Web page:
Northern Teritory Field Campaign launched
28 Mar, 2017
RECOGNISE has launched its volunteer-driven Field Campaign in the NT, with Torres Strait Islander and Aboriginal woman Mae Mae Morrison announced as the NT Field Leader.
"RECOGNISE has launched its volunteer-driven Field Campaign, to co-ordinate and train thousands of volunteers around the country to spread the word about getting recognition in and racism out of the Constitution. Torres Strait Islander and Aboriginal woman Mae Mae Morrison has been announced as the NT Field Leader.
Mae Mae is looking forward to the massive job ahead. She will be travelling across the vast regions of the Northern Territory to spread the word about why constitutional reform is important. “When the Constitution was written more than a century ago, 40 white fellas sat around the table to write the nations rule book. They thought Aboriginal and Torres Strait Islander people were a dying race. But we proved them wrong. And I believe acknowledgement of us mob in that document, as the first nations of this country, is long overdue,” she said.
It’s also important that sections of our constitution that allow for racial discrimination are removed. At the moment, Governments have the power to make laws that apply only to a particular race. And it allows people to be banned from voting based on race.
“This has got to change. Growing up in Townsville, I experienced racism big time. I was called all sorts of things in those days. I was racially abused all the time. I learnt to cope with it. My grandmother was my strong influence, my backbone. She said to me don’t worry about that kind of thing, because at the end of the day you bleed red, you bleed the same blood, you have the same organs. Just walk proud and be strong,” she said.
Mae Mae will be attending many community events across the Territory. She’ll also be running information sessions and looking for new volunteers to help raise awareness about constitutional reform.
RECOGNISE Joint Campaign Director Mark Yettica-Paulson said talking about changing the Constitution is important work that will help the nation take the next step in the journey to reconciliation.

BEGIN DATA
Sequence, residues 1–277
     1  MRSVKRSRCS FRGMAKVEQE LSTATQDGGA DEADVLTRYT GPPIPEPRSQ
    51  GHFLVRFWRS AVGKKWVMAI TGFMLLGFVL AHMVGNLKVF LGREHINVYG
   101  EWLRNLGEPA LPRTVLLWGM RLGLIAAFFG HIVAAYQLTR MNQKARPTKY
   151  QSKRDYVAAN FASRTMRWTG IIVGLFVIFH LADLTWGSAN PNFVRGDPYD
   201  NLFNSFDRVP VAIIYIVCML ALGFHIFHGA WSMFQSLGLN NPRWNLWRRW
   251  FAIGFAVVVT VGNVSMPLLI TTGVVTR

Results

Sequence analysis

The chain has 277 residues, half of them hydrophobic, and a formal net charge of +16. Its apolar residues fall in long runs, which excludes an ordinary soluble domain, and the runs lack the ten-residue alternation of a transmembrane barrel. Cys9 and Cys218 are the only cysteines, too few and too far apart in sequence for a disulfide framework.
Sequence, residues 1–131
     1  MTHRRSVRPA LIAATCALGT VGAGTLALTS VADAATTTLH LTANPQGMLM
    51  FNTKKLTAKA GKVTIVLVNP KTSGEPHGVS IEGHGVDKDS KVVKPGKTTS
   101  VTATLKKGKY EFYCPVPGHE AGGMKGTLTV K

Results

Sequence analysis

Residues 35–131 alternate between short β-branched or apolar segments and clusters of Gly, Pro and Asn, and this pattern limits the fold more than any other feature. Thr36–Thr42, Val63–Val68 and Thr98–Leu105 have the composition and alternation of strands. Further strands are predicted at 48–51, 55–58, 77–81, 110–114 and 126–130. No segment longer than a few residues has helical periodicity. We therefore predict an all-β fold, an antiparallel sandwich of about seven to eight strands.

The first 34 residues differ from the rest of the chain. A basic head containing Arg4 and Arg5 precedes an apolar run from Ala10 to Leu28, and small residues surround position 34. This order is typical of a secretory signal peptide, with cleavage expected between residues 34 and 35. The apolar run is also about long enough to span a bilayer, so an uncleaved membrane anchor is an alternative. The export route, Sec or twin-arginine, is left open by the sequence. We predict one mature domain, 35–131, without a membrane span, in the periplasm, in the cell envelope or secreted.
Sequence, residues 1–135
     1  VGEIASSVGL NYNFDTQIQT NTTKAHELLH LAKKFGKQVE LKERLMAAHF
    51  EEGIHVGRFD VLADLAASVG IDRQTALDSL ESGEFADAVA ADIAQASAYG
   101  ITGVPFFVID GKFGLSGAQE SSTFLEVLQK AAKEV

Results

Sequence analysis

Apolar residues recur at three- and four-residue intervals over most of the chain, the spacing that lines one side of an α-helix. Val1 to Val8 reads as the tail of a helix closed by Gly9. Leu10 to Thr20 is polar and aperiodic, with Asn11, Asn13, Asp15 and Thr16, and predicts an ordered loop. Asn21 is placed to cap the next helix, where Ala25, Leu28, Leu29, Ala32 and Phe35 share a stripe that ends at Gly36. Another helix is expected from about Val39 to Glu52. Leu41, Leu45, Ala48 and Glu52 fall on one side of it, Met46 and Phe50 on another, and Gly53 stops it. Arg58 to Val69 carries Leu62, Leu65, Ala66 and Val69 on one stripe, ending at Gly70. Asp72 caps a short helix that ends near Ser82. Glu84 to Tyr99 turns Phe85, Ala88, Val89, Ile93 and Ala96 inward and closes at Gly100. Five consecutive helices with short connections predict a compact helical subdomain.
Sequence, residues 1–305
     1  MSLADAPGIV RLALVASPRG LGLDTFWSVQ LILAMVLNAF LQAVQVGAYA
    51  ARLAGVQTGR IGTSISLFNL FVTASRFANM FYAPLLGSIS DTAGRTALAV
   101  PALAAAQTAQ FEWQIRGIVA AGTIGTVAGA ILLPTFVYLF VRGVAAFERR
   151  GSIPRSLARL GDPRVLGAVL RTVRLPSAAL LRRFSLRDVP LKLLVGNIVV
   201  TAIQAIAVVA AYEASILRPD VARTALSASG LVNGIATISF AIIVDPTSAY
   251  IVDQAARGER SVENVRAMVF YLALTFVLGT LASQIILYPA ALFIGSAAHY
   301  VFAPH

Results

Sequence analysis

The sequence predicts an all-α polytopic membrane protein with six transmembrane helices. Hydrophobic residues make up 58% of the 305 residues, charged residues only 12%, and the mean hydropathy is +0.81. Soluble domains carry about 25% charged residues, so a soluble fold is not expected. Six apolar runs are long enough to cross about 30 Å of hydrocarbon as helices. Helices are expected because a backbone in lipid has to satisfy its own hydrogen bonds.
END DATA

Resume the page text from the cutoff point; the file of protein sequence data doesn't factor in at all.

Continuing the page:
“This will be the first referendum in the digital age, which creates challenges and opportunities.
“Even with all the information available online, there’s no substitute for neighbours talking to neighbours and for local leaders bringing communities together and people getting informed.
“That’s why RECOGNISE is launching its national Field Campaign to recruit, train and support thousands of volunteers to have conversations in workplaces, at sporting matches, shopping centres, schools and community events.
Along with Mae Mae in the Northern Territory, Recognise has Field Leaders in New South Wales, South Australia, Western Australia, Queensland, Tasmania and the ACT.
“Together they’ll be aiming to have one million one-on-one conversations with everyday Australians.
“The aim of these conversations is to provide as much information as possible about the upcoming referendum to ensure it reflects the will of engaged and informed people.”
Mr Yettica-Paulson said in May this year the nation will celebrate the 50th Anniversary of the 1967 referendum where more than 90% of Australians voted “YES” to equality.
“The ’67 campaigners pounded the pavement, bussed, walked, baked and talked their way around Australia to drive home their unifying message for change.
“It’s 2017 and now is the time for our generation to do that again.”
Mr Yettica-Paulson said RECOGNISE has more than 300,000 supporters and we know thousands more are ready to take the next step in the journey to reconciliation."